Creating Directories

The simplest way to create a directory in the current directory is by using mkdir command:

[root@fosslinux ~]# mkdir foss

We just created a folder called foss in our current directory.
We can also specify a directory using an absolute path, for example, to create a directory called foss1 in tmp/ directory, we would use:

[root@fosslinux ~]# mkdir /tmp/foss1

If we need to create multiple directories at the same command, we can do that as well, the following command will create directories foss2 and foss3 at the same time, in our current directory.

[root@fosslinux ~]# mkdir foss2 foss3

There is also a little trick, called brace expansion, which can help you create multiple directories following a pattern. The following will create directories foss4, foss5, fossa, and fossb.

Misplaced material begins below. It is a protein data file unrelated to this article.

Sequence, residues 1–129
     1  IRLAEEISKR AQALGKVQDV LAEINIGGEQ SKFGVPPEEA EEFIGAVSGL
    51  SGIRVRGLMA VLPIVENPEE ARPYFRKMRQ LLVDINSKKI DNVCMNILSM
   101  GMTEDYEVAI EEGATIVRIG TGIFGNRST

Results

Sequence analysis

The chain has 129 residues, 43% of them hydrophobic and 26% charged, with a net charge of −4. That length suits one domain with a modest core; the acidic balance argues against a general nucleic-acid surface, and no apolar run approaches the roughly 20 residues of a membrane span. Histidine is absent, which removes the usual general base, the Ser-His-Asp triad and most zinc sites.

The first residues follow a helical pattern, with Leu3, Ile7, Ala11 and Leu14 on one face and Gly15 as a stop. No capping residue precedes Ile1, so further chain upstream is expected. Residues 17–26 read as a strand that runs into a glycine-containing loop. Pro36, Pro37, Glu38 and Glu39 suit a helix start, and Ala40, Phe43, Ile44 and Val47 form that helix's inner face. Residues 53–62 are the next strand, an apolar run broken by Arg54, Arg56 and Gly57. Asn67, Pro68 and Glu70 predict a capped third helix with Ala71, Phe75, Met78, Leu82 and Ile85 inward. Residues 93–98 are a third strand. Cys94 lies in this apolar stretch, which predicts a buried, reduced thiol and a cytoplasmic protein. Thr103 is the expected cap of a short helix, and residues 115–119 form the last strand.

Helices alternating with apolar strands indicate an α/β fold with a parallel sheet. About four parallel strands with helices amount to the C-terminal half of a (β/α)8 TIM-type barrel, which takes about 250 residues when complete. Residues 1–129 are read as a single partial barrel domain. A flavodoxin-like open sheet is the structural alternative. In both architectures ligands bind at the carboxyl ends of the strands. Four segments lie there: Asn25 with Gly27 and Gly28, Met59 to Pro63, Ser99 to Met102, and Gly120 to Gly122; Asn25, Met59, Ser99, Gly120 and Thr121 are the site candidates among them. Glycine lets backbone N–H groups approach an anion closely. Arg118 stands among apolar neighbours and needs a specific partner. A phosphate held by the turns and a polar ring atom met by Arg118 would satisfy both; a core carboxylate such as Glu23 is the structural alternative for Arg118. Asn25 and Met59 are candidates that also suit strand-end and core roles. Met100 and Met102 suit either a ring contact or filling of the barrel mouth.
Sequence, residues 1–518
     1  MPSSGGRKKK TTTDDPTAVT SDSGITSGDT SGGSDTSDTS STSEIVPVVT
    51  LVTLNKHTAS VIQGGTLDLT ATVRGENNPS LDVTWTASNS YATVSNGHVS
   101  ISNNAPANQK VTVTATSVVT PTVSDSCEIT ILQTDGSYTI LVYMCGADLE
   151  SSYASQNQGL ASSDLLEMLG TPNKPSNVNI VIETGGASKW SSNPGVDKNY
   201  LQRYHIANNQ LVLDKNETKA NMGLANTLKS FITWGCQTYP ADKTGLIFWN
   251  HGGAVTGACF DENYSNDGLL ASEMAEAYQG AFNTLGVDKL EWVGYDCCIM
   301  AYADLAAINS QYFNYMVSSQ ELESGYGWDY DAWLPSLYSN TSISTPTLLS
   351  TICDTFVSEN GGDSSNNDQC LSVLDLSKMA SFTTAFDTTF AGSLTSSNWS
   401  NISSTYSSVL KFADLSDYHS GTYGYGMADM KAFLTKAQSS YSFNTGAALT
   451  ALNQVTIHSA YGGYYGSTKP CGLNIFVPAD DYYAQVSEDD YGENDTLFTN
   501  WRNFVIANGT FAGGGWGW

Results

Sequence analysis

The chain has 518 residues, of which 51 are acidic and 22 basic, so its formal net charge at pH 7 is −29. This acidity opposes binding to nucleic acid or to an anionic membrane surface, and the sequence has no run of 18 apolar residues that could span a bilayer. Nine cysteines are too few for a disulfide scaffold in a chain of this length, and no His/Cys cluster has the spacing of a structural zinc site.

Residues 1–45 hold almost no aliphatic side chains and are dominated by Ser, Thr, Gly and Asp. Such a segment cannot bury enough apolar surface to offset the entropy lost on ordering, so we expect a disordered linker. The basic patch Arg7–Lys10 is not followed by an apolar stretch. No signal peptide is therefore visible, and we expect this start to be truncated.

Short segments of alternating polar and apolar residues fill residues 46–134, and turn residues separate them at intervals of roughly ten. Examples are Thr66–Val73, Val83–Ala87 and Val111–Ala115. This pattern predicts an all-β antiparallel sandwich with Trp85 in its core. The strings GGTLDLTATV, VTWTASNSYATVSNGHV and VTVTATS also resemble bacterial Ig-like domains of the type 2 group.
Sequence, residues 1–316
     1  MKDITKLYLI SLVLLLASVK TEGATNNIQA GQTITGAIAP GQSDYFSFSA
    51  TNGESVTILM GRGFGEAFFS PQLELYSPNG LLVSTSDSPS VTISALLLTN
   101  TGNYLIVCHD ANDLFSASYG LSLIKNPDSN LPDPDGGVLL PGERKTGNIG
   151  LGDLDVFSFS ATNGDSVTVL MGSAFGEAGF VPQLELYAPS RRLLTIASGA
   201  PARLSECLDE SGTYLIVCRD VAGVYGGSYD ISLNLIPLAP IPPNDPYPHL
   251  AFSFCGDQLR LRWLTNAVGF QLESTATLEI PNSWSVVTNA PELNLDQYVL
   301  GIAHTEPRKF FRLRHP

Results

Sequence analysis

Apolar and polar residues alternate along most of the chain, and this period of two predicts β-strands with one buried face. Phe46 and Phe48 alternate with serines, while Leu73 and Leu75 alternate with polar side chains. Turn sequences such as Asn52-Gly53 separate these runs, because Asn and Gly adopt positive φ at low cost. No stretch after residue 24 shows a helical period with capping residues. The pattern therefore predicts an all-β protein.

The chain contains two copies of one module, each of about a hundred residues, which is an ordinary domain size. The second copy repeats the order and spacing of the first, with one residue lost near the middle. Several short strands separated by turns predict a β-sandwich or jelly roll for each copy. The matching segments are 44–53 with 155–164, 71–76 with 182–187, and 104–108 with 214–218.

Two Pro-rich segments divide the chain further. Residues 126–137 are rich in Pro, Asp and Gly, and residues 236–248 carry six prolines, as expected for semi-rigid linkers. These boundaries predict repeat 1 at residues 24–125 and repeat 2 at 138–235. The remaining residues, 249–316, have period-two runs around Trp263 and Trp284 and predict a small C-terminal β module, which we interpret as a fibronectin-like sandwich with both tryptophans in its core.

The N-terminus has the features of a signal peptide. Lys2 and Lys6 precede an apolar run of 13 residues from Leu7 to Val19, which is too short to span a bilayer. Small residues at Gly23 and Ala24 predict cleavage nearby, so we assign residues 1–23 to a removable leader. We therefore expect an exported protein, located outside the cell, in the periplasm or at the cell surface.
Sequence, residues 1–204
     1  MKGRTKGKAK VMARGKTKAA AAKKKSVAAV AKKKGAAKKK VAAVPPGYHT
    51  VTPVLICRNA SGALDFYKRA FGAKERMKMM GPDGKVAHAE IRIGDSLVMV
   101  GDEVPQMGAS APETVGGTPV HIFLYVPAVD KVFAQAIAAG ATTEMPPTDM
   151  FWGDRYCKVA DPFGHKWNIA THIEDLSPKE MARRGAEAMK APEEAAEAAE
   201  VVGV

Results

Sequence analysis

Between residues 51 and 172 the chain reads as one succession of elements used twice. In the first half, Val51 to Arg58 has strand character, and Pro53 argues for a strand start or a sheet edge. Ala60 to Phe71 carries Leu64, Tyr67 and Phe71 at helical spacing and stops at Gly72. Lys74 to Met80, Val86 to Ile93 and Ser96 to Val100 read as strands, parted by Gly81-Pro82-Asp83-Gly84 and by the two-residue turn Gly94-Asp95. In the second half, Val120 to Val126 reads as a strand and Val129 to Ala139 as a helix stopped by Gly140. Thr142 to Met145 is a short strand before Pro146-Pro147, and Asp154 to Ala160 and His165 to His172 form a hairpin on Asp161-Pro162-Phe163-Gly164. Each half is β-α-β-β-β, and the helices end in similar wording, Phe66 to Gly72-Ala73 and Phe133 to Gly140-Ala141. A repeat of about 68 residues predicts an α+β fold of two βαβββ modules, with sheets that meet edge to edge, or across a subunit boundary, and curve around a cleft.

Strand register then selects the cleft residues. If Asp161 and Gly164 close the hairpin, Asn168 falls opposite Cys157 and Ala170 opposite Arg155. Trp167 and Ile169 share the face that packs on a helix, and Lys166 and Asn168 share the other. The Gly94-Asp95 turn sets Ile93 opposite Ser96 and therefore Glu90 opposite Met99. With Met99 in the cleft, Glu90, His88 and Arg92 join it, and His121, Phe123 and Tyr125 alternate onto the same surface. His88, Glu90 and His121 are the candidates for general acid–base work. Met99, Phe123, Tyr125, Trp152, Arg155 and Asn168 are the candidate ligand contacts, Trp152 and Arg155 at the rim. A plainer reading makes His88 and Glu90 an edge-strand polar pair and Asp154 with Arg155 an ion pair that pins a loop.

[root@fosslinux ~]# mkdir foss{4,5,a,b}

You can even specify a range inside braces, like the following command, creating foss6foss10 directories.

[root@fosslinux ~]# mkdir foss{6..10}

The range also applies to letters, so this will work as well:

[root@fosslinux ~]# mkdir foss{d..f}

I told you that we could use absolute paths when creating directories, but what if a link is missing, for example, we want to create a folder inside a folder that doesn’t exist, called missing?

[root@fosslinux ~]# mkdir missing/foss11
mkdir: cannot create directory `missing/foss11': No such file or directory